Aggregate Demand and Aggregate Supply Review
7.3 Recessionary and Inflationary Gaps and Long-Run
A Shift in Short-Run Aggregate Supply: An Increase in the Cost of Health Care
Again suppose, with an aggregate demand curve at AD1 and a short-run aggregate supply at SRAS1, an economy is initially in equilibrium at its potential output YP, at a price level of P1, as shown in Figure 7.13 "Long-Run Adjustment to a Recessionary Gap". Now suppose that the short-run aggregate supply curve shifts owing to a rise in the cost of health care. As we explained earlier, because health insurance premiums are paid primarily by firms for their workers, an increase in premiums raises the cost of production and causes a reduction in the short-run aggregate supply curve from SRAS1 to SRAS2.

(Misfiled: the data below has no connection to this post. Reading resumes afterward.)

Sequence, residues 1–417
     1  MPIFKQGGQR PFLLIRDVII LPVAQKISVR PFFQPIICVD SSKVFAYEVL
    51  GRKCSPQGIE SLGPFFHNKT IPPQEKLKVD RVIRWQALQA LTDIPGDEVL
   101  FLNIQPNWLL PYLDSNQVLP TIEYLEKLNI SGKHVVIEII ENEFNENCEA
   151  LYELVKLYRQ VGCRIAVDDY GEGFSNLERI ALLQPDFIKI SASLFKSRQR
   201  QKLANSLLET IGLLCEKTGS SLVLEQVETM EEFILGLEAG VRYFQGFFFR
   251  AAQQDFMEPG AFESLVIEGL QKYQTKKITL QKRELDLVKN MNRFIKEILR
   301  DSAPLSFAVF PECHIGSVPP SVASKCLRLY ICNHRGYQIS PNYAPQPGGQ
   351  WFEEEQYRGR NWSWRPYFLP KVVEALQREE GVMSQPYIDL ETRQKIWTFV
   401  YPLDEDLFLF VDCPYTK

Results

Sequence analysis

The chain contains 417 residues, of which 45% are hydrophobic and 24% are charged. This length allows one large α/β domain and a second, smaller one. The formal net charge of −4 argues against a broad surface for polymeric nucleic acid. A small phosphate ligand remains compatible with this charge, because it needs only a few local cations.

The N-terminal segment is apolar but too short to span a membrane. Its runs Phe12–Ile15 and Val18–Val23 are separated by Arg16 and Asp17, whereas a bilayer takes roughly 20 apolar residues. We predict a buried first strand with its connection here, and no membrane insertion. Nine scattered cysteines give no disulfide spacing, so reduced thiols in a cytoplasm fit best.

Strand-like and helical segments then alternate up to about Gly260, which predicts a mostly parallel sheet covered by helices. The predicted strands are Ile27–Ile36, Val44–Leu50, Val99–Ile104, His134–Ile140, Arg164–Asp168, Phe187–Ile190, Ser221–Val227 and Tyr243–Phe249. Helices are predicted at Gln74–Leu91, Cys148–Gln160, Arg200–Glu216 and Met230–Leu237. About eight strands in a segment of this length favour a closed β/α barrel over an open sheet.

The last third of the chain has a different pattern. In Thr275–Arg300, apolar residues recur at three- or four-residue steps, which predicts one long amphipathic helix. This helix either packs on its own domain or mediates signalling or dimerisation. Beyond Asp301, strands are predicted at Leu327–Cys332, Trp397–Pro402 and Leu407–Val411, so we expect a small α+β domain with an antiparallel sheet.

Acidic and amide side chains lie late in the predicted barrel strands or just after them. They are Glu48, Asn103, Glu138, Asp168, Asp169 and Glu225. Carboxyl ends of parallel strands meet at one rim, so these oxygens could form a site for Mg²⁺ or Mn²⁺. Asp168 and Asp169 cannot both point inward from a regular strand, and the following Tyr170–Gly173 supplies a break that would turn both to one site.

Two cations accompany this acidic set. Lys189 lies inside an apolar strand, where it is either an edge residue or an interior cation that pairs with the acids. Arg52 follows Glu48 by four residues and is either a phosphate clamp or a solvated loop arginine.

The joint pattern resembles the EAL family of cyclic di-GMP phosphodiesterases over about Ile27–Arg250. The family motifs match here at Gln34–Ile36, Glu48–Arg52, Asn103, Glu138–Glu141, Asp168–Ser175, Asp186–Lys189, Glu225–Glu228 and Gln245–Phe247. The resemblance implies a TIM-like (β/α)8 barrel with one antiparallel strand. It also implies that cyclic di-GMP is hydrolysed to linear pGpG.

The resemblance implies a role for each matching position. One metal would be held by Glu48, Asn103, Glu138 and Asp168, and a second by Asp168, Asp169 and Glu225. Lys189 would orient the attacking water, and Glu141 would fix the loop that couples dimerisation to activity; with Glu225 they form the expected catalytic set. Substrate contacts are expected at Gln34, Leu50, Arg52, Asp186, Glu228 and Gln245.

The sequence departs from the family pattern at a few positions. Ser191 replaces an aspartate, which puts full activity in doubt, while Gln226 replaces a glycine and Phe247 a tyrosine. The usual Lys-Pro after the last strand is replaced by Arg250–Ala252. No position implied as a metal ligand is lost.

Figure 7.13 Long-Run Adjustment to a Recessionary Gap
A decrease in aggregate supply from SRAS1 to SRAS2 reduces real GDP to Y2 and raises the price level to P2, creating a recessionary gap of YP − Y2. In the long run, as prices and nominal wages decrease, the short-run aggregate supply curve moves back to SRAS1 and real GDP returns to potential.
As a result, the price level rises to P2 and real GDP falls to Y2. The economy now has a recessionary gap equal to the difference between YP and Y2. Notice that this situation is particularly disagreeable, because both unemployment and the price level rose.
With real GDP below potential, though, there will eventually be pressure on the price level to fall. Increased unemployment also puts pressure on nominal wages to fall. In the long run, the short-run aggregate supply curve shifts back to SRAS1. In this case, real GDP returns to potential at YP, the price level falls back to P1, and employment returns to its natural level. These adjustments will close the recessionary gap.
How sticky prices and nominal wages are will determine the time it takes for the economy to return to potential. People often expect the government or the central bank to respond in some way to try to close gaps. This issue is addressed next.